Big monies are disgusting. They play on double standards, and if they fail, there is always the governments to bail them out. They can manipulate the market, they can do insider trading, they can use their insanely huge financial power to twist the market in the direction they want. But if the commoners do that, the common people will go to prison. Everyone knows that, but there is nothing we can do.
That is why there is this phrase: If you can’t beat them, join them.
Today, we will look into the disgustingly rich and try to get a bowl of leftover porridge from their unwanted food.
The Commodity Futures Trading Commission (CFTC) collects and publishes data of the portfolio of the big monies weekly. The reports consist of portfolio by the big monies who trade on the American exchanges. The big monies include producers (for example gold producers), financial institutions, hedge funds, or even big individual investors who have holdings big enough to make it to the reporting criteria.
The data set consists of a wide range of trade items from coffee to cattle, metals (gold, copper) to forex, indices (S&P 500, NASDAQ 100) to energy (crude oil, natural gas). In fact, the dataset I use consists of 290 trading items, certainly a wide range for one to choose and play with.
The CFTC claims that the publishing of data aims to help the public understand market dynamics, which is essentially to help the public be an informed trader. The data is published in a text format, which looks something like this:
What each category means is up to one to find out, and I will not say it out here for reasons you will know later. But essentially, the CFTC is kind enough to give us the data. But you will also realise, while the data in the text file is easy to understand, it is not that easy to process. The comma delimited file will look something like this:
Unless one has basic data processing skills, one will not be able to turn this data into useful information. Manual processing can be done, but it will also take a great deal of effort. My point is this: that even though they publish the data, they have made it so that most of the common people will not be able to obtain much from it. Despite this, the CFTC is actually still doing the people a favour, because they bothered to publish and also provided a comma delimited file, which for people with the basic data processing skills, is a gift.
I said earlier that the CFTC is still doing us a favour, because the Traders in Financial Futures (TFF) Report by the European Securities and Markets Authority (ESMA), the Weekly Futures and Options Report (Australia) by the Australian Securities and Investments Commission (ASIC) and the Weekly Positions of Traders in Financial Futures (Japan) by the Financial Services Agency (FSA) no longer publish their weekly report. These few markets make up a significant portion of the trading activities. Luckily for us, the biggest of all, the US, currently still publishes the data. While what we have may admittedly be incomplete, it is the best we can do for now. Unless of course you have inside information.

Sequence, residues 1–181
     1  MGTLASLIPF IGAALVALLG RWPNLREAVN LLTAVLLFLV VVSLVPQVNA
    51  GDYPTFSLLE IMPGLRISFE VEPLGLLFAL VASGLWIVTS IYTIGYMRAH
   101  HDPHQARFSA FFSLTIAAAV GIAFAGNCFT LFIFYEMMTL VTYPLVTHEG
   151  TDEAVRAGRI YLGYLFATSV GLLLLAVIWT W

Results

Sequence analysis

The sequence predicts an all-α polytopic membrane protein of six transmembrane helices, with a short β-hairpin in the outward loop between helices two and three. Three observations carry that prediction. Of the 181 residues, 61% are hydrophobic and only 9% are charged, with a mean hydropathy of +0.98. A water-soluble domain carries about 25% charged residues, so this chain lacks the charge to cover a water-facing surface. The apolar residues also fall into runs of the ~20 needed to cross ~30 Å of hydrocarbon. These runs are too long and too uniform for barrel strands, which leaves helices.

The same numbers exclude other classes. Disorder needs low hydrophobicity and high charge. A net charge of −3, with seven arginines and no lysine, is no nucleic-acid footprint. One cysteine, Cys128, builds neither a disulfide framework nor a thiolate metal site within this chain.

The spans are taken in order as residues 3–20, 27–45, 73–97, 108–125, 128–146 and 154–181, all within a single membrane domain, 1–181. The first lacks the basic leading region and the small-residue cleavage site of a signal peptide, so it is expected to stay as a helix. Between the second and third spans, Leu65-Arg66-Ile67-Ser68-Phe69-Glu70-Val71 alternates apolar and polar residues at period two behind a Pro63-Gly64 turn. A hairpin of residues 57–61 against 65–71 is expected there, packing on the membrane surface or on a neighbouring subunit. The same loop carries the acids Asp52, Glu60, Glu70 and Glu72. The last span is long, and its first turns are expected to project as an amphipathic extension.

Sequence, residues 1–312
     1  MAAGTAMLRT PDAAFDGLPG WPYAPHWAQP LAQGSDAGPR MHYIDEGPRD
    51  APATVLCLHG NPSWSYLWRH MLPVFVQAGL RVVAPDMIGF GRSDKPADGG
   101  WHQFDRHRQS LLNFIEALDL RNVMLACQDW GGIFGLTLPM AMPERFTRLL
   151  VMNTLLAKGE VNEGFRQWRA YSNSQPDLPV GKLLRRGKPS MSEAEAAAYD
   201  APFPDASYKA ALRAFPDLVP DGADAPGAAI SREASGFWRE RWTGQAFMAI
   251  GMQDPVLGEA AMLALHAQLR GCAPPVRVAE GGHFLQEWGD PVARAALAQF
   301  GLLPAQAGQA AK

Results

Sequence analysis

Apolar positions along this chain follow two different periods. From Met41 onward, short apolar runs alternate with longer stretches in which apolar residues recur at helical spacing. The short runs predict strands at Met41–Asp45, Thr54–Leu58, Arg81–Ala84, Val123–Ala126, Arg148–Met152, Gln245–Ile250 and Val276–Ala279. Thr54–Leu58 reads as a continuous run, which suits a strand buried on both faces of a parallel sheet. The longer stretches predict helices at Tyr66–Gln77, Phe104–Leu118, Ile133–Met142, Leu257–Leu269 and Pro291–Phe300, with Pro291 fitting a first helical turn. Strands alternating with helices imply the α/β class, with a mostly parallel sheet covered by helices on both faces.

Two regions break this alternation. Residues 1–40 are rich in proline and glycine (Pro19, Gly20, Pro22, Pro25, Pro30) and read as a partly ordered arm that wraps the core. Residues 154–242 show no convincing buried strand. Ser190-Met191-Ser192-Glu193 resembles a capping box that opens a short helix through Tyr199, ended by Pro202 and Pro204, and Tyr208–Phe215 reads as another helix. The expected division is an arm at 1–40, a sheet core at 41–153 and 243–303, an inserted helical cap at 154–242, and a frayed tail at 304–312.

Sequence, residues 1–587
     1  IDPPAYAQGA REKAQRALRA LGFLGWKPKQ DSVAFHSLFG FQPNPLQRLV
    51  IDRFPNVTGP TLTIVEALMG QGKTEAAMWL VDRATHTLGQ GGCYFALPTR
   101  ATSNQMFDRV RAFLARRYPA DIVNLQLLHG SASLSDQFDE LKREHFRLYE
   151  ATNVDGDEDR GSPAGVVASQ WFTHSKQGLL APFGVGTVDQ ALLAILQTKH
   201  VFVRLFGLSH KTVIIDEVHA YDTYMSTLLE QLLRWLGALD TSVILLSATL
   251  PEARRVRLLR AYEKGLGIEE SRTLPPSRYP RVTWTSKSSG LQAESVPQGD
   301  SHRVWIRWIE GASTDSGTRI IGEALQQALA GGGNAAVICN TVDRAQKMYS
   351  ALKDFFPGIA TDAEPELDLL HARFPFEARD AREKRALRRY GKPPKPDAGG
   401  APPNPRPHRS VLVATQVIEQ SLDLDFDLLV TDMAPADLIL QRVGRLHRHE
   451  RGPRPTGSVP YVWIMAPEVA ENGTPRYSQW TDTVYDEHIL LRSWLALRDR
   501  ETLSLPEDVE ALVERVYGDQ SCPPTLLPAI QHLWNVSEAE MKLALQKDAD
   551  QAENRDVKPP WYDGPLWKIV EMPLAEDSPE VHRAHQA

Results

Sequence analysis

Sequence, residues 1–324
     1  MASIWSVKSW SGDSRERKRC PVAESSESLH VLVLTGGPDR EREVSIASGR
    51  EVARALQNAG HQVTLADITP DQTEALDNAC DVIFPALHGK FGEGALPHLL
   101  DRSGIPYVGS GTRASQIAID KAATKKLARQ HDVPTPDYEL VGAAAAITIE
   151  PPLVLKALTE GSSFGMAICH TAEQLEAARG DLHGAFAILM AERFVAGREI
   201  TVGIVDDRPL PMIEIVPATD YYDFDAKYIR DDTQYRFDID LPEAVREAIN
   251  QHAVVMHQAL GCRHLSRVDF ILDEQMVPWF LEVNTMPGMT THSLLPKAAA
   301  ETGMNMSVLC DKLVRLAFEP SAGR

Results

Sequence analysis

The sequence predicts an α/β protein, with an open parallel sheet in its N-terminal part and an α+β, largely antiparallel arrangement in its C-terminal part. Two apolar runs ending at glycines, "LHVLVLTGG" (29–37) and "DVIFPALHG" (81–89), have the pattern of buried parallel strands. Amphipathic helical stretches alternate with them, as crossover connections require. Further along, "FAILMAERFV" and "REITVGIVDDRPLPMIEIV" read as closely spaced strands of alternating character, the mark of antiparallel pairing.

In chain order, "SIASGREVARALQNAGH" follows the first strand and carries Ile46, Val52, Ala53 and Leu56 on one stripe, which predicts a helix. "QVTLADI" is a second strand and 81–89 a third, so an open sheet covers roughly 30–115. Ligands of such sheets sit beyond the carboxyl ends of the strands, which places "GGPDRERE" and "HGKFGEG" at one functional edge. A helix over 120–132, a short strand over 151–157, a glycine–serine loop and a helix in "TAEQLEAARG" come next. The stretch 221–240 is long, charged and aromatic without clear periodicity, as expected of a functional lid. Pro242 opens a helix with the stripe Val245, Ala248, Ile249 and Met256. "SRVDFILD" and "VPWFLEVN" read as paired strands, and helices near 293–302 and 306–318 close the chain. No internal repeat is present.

How can the data help us? By allowing us to see what are the movements of the big monies. But first, we need to process and crunch through the set of huge data and summarise it in an easy to understand manner. I take the list of forex trading pairs to use as example:
One look at this chart and we can see clearly which currency pairs are the big monies supporting and which they are shorting. At one look it seems to let us know what to trade. But of course, just like how we should listen to both side of people’s story when making a decision, it is the same when it comes to data. We should not just take it at surface value. Further analysing is needed. We quote another example:
The chart above shows the indices portfolio of the big monies. We can see that the S&P 500 is heavily shorted. Just by judging from this graph, one may think that it is wise to join the big monies and short the S&P 500. But if we dig deeper, we will have this graph:
The above graph shows only the long contracts held by the big monies (the shorts are not included). We can see that there is a sudden spike in the long holdings of the S&P 500 by the big monies. Does that now change your decision a bit? Note that this is not financial advice, nor am I telling you to long S&P 500, afterall the majority of the big monies are still shorting it. What I am saying is that the data seems to show there might be a reversal in positions as more big monies now are going long.
Now we zoom out further and get another surprise:
In my third post on copytrading, I talked about the psychology of trading. While we should continue to have the right mindset and do our homework diligently, the introduction of the above data certainly helps us in making better decisions. There is no 100% in trading, but as long as your wins are above your losses, you can be considered a winner.
Understand the rules of the game. Get as much resources (such as data, money) as you can. And finally be patient. Winnings are slowly accumulated over time. While there are those who earn big and quick, the risks are also big. While some succeed that way, many others failed.
Should you be interested in the data, feel free to leave a message. The data goes at a price of SGD 9.99 per week.
Else, you may also wish to go to the CFTC website and extract out the data on your own. Afterall, I have shown you the way to do it.
Note: CFTC receives data submission every Tuesday and only publishes it every Friday afternoon (American time). So yes, there is some lag to the data. The good thing is, big monies need time to move and accumulate.
Click the link to download a sample of the report.
Sample report version 1.0